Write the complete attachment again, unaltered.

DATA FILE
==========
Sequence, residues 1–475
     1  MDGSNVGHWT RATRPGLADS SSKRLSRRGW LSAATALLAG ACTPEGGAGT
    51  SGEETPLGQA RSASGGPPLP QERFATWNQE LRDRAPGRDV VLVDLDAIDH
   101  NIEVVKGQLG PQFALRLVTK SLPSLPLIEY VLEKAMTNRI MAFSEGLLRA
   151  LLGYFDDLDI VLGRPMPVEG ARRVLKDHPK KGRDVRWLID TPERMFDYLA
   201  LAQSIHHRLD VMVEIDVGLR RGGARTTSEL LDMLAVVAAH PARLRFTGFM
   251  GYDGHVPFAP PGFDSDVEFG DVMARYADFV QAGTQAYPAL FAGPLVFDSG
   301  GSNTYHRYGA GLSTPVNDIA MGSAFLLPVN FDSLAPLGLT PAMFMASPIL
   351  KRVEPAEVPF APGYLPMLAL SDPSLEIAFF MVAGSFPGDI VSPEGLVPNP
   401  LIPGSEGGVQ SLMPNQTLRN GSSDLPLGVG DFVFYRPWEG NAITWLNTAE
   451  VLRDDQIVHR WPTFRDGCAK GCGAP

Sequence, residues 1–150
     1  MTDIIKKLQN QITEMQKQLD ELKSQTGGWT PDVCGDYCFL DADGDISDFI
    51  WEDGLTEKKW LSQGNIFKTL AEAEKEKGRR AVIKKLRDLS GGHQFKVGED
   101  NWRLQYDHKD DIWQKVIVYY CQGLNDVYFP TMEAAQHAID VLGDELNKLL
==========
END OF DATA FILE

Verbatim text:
Sequence, residues 1–475
     1  MDGSNVGHWT RATRPGLADS SSKRLSRRGW LSAATALLAG ACTPEGGAGT
    51  SGEETPLGQA RSASGGPPLP QERFATWNQE LRDRAPGRDV VLVDLDAIDH
   101  NIEVVKGQLG PQFALRLVTK SLPSLPLIEY VLEKAMTNRI MAFSEGLLRA
   151  LLGYFDDLDI VLGRPMPVEG ARRVLKDHPK KGRDVRWLID TPERMFDYLA
   201  LAQSIHHRLD VMVEIDVGLR RGGARTTSEL LDMLAVVAAH PARLRFTGFM
   251  GYDGHVPFAP PGFDSDVEFG DVMARYADFV QAGTQAYPAL FAGPLVFDSG
   301  GSNTYHRYGA GLSTPVNDIA MGSAFLLPVN FDSLAPLGLT PAMFMASPIL
   351  KRVEPAEVPF APGYLPMLAL SDPSLEIAFF MVAGSFPGDI VSPEGLVPNP
   401  LIPGSEGGVQ SLMPNQTLRN GSSDLPLGVG DFVFYRPWEG NAITWLNTAE
   451  VLRDDQIVHR WPTFRDGCAK GCGAP

Sequence, residues 1–150
     1  MTDIIKKLQN QITEMQKQLD ELKSQTGGWT PDVCGDYCFL DADGDISDFI
    51  WEDGLTEKKW LSQGNIFKTL AEAEKEKGRR AVIKKLRDLS GGHQFKVGED
   101  NWRLQYDHKD DIWQKVIVYY CQGLNDVYFP TMEAAQHAID VLGDELNKLL